Lomé’s port becomes West Africa’s leading container port, overtaking Lagos’

Monday, 29 October 2018 10:43
Lomé’s port becomes West Africa’s leading container port, overtaking Lagos’

(Togo First) - Lomé now hosts West Africa’s leading container port, snatching the position from Lagos, Nigeria. This was revealed by Netherlands firm Dynamar which provides intelligence and consultancy on maritime sector.

Spurred by many modernisaion reforms, the Port of Lomé (PAL) has rapidly expanded indeed. From 311,500 Twenty-foot equivalent (TEU) containers in 2013, the number of containers transiting by the port has almost tripled reaching 1,193,800 TEU in 2017, while at other ports in the region, it barely rose.

According to Dynamar, the surge is due to the commissioning of the Lomé Container terminal (LCT) which handles containers shipped through the port of Lomé. LCT actually handles nearly 890,000 TEU yearly, that is about 75% of containers that transit via the PAL, Dynamar indicates.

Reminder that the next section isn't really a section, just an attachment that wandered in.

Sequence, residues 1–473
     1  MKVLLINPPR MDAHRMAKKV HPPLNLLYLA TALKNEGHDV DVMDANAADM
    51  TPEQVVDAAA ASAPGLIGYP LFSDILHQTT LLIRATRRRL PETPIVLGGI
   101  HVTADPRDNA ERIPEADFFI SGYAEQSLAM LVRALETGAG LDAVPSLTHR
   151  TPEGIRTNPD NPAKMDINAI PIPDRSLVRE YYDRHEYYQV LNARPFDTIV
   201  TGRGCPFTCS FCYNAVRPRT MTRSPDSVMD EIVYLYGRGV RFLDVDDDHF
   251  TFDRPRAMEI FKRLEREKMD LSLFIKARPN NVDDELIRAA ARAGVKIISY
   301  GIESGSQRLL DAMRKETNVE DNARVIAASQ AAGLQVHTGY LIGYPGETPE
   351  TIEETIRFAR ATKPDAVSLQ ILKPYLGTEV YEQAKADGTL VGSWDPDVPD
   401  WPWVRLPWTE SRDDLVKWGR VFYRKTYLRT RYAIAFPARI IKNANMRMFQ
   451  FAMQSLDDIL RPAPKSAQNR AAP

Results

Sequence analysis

Beyond the LCT’s commissioning, Lomé profited from the congestion hampering activities at the port of Lagos to overtake it. Dynamar’s report adds that this, and low quality service, caused Lagos to lose its position of leading port in the region. Indeed, the flaws cost the port of Lagos close to 30% of its container traffic over five years, bringing it to 1,050,000 TEU at the end of 2017.

Hence, Tema’s port in Ghana, which used to be second after Lagos’ for years, is now third in the region with 956,400 TEU handled in 2017. The Ghanaian port is ahead of Abidjan (663,600 TEU), Dakar (570,500 TEU) and Cotonou (333,000 TEU). Since 2013, all these ports have stagnated, data shows. 

In 2017, 285 container ships sailed through the seven intercontinental routes towards West Africa. Sent by 24 operators, each ship had an average capacity of 3,300 TEU. The biggest of these ships, a 13,600 TEU-ship is used by the Mediterranean Shipping Company (MSC) under a hub and spoke service that connects Lomé to various ports in the region.

Spurred by the increase in oil prices, the number of containers in West Africa should reach 4.3 million TEU by 2021, with containers cargo expected to record a 5% average annual growth.

Fiacre E. Kakpo

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